But O, Wreneagle Almighty, wouldn’t un be a sky of a lark
To see that old buzzard whooping about for uns shirt in the dark
And he hunting round for uns speckled trousers around by Palmer-stown Park?
Hohohoho, moulty Mark!
You’re the rummest old rooster ever flopped out of a Noah’s ark
And you think you’re cock of the wark.
Fowls, up! Tristy’s the spry young spark
That’ll tread her and wed her and bed her and red herWithout ever winking the tail of a feather
And that’s how that chap’s going to make his money and mark!
– James Joyce, Finnegans Wake
The language of quarks has since expanded in a way that Joyce would likely approve. Quarks can have six different flavors: up, down, top, bottom, charm, and strange. And they come in three colors: red, blue, and green. Quantum chromodynamics accounts for how these colors interrelate, mandating that quarks be bound together in color-neutral combinations corresponding to how red, blue, and green light can be mixed to make white. The color names are metaphorical, naturally, quarks being imperceptible. Quark colors help us to grapple with what we cannot see, while flavor names such as charm remind us to take nothing for granted given quantum strangeness.
That strangeness easily trumps anything ever conjured in fiction. Alfred Jarry’s absurdist 19th Century pataphysics (which he claimed was to metaphysics what metaphysics was to physics) seems downright reasonable compared to the Heisenberg Uncertainty Principle, and the sci-fi worlds of Stanislaw Lem and Philip K. Dick have nothing on Schrödinger’s Cat. It isn’t for lack of writerly imagination. Descriptions of quantum phenomena leave written language in a tangle. The science fiction of the future will be written in mathematical equations.
In a sense, that’s what Howard Georgi has already done. Like a sci-fi writer, he’s had the audacity to ask what if…? and to let that be the premise for a fantasy which may yet (like so many sci-fi ideas of the past) turn out to be reality. The name that he’s chosen, unparticle, captures this quality of play, which characterizes so much of quantum physics and differentiates it from the stamp collecting branches of science.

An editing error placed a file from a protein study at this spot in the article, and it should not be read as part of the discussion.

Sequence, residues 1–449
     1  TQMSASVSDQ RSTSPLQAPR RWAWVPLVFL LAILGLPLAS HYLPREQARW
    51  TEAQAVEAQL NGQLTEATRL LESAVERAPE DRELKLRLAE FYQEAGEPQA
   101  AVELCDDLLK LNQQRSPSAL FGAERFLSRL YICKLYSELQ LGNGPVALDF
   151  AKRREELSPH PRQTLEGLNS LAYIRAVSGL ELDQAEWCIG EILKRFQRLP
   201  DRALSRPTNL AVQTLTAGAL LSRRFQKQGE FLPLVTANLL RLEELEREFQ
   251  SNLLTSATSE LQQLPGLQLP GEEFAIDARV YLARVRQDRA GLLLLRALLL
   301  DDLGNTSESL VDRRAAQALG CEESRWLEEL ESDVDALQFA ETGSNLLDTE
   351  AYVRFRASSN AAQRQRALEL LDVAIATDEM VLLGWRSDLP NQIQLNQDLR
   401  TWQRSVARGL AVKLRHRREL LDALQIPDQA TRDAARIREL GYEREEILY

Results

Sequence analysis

Stars are numbered as they’re discovered, and new elements are subject to strict standards of nomenclature. Even plants and animals, which have been named after presidents and rock stars, must be assigned Linnaean binomials, suitably Latinized. This makes sense because the purpose is to catalogue such entities in perpetuity. It isn’t as clear as that in the case of quantum physics. Particles such as quarks are often named before their existence is known, and may for years persist in this subatomic purgatory. The axion, for instance, was first postulated in 1977, and named after a popular cleaning detergent in the hope that the particle would “clean up” a problem pertaining to the strong nuclear force. While still not detected in any experiment, and probably useless for its original theoretical purpose, the particle has suggested to researchers the possibility of saxions (“superpartners” of axions according to supersymmetric theory, experimentally unverified in its own right) as well as axinos and even saxinos. To an outsider, quantum mechanics begins to resemble an advanced case of Tourette’s. For an insider, though, the mutability of nomenclature is complimentary to its informality. Unlike the names of elements, which sound almost sacred, the terminology of particle physics feels provisional, transitory.
That helps keep the field open to new possibilities. If unparticles exist, they may be the stuff of dark matter. If so, their addition to the subatomic zoo might oust several other hypothetical particles. In fact, most physicists would be thrilled to kill off the entire menagerie in favor of something more fundamental – perhaps strings or loops – as stunningly simple as the atoms proposed by Democritus in the 5th Century BCE. This is the basic distinction between stamp collecting and physics that Ernest Rutherford insisted upon. The ambition of physics isn’t additive but reductive. The paradoxical hope that more particles may lead to less is encoded in the language.
For more on Jonathon Keats, listen to his SciFri interview here, and watch a video about his latest art installation (based on quantum physics) here.